In this episode of the Championship Leadership podcast, Pat McNamara talks about self improvement, how to use failure to learn from the past, prepare for the future and perform in the present.
In This Episode:
- [2:19] What does championship leadership mean to Pat?
- [5:44] What brought Pat to where he is today?
- [7:17] Leaders that have influenced Pat.
- [10:31] How he applies his experience in the military to his family and business
- [15:11] Pat’s future plans
- [21:28] A turning point inside of Pat’s life
- [23:30] What you can take from this episode and implement inside of your life.
“You need to be your own person”
“You got to know what to say but more importantly know what not to say”
“Failing is a biological requirement”
“When we fail we need to learn from the past, prepare for the future and perform in the present”
“Never be late, light and out of uniform”
“Positivity resonates positivity”
“Always think about trying to improve yourself”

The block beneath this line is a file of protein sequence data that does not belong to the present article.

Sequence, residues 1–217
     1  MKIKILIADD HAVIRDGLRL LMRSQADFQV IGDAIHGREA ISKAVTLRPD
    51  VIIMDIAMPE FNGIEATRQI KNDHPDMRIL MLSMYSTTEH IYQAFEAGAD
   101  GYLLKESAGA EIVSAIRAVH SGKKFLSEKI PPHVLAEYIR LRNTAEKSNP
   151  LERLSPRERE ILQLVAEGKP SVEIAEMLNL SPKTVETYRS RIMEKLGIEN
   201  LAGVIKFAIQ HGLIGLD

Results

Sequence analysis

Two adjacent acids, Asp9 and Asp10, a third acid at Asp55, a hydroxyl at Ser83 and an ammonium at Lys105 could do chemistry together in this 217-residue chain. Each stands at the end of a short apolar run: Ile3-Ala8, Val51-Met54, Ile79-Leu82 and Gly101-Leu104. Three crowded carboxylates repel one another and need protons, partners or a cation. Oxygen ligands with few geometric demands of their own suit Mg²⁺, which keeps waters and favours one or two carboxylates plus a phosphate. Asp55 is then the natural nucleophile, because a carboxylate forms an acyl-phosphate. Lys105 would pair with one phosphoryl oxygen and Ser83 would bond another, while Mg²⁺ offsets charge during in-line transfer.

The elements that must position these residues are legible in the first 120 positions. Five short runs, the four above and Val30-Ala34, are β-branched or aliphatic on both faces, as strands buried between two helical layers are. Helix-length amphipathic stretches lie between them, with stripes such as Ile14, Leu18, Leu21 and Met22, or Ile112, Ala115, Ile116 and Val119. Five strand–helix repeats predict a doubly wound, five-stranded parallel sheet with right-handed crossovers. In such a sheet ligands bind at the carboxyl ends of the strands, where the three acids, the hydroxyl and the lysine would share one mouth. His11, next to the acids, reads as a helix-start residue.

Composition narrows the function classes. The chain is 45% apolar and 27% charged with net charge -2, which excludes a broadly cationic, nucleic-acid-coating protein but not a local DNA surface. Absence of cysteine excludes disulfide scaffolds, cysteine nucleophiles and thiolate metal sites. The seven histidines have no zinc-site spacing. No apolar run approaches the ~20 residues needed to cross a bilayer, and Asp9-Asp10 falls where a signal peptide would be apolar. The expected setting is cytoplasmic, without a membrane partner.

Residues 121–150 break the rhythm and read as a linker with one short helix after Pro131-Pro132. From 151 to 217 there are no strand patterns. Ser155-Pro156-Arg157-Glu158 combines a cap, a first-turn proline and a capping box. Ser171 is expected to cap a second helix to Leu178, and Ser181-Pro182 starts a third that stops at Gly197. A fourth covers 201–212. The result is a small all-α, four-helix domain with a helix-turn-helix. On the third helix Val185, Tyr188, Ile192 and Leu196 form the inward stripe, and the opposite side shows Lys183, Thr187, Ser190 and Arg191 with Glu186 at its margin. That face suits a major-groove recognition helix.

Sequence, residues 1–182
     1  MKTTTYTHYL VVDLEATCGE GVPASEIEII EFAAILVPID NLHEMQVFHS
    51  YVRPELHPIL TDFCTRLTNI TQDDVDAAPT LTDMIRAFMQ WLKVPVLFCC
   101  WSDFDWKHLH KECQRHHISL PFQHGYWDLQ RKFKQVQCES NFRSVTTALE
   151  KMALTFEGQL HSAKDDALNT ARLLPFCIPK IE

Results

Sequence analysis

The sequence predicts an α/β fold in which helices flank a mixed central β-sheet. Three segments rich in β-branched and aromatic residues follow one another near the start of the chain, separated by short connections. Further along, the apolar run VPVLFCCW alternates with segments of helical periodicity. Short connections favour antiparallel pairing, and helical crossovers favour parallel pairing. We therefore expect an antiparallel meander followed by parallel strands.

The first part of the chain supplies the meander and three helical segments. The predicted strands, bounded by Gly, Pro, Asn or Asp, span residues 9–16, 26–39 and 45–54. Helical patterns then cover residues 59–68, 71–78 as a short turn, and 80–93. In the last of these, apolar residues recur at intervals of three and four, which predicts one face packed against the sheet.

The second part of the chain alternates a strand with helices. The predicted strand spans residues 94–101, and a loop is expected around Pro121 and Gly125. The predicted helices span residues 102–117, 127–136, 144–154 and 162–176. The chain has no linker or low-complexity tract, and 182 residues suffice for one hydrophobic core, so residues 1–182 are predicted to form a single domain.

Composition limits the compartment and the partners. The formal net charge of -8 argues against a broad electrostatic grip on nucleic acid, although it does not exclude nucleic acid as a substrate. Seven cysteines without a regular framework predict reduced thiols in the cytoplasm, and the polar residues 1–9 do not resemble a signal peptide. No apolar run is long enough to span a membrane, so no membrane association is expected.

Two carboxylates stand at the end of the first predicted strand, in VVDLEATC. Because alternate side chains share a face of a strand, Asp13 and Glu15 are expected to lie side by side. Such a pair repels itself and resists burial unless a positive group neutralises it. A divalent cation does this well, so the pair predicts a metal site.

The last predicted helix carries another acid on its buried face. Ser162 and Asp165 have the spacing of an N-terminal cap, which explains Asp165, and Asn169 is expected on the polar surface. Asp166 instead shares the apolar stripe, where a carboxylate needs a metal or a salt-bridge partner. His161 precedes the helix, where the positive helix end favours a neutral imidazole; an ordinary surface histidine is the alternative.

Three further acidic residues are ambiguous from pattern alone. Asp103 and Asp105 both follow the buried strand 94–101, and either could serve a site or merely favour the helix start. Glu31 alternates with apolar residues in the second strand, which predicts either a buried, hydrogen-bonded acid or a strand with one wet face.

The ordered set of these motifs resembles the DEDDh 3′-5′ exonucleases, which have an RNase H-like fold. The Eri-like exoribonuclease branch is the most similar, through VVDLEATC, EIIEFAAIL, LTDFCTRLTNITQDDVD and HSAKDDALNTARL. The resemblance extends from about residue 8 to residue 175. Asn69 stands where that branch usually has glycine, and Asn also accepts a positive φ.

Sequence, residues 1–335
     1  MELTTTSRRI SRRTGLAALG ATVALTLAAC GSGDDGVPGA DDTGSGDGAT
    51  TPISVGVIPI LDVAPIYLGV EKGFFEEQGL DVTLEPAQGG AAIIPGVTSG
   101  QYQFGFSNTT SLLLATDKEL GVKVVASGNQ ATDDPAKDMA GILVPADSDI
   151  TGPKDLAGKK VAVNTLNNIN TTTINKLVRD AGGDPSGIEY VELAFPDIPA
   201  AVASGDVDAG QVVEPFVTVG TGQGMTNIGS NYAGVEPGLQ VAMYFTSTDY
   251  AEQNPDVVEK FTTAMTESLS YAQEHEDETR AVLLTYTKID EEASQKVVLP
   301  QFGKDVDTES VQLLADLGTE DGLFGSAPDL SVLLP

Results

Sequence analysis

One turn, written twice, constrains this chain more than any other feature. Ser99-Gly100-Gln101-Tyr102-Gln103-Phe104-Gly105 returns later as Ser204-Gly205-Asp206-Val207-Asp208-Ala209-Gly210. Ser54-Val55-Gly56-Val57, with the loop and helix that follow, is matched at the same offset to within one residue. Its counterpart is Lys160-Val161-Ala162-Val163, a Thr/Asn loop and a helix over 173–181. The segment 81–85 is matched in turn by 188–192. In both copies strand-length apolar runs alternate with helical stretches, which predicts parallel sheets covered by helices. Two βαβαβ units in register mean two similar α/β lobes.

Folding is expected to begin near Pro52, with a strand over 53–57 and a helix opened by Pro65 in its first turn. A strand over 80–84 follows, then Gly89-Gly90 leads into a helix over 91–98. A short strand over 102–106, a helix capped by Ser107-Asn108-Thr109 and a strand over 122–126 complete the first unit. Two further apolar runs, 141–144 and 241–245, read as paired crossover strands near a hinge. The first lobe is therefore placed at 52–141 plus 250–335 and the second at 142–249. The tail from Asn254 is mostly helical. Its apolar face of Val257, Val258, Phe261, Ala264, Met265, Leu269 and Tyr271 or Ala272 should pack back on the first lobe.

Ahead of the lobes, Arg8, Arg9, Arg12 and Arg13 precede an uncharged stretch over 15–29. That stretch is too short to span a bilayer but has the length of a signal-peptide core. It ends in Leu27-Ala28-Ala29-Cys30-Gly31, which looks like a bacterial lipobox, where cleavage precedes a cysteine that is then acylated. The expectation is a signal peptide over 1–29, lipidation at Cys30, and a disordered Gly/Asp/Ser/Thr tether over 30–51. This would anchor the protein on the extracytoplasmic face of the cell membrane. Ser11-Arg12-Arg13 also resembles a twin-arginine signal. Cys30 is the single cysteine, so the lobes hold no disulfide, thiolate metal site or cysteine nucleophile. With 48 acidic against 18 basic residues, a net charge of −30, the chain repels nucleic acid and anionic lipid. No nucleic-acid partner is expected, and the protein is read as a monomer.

“If you cloned yourself yesterday, can you kick your clone’s a** tomorrow?”
“I will do today what others won’t so i can do tomorrow what others can’t”
About The Guest:
Patrick McNamara spent 22 years in the United States Army in a myriad of special operations units. When he worked in the premier special missions unit, he became an impeccable marksman, shooting with accurate, lethal results and tactical effectiveness.
McNamara has trained tactical applications of shooting to people of all levels of marksmanship, from varsity level soldiers, and police officers who work the streets to civilians with little to no time behind the trigger.
His military experience quickly taught him that there is more to tactical marksmanship than merely squeezing the trigger. Utilizing his years of experience, McNamara developed a training methodology that is safe, effective, and combat relevant and encourages a continuous thought process. This methodology teaches how to maintain safety at all times and choose targets that force accountability, as well as provides courses covering several categories, including individual, collective, online, and standards.
While serving as his Unit’s Marksmanship NCO, he developed his own marksmanship club with NRA, CMP, and USPSA affiliations. Mac ran monthly IPSC matches and ran semi annual military marksmanship championships to encourage marksmanship fundamentals and competitiveness throughout the Army.He retired from the Army’s premier hostage rescue unit as a Sergeant Major and is the author of T.A.P.S. (Tactical Application of Practical Shooting) and Sentinel.
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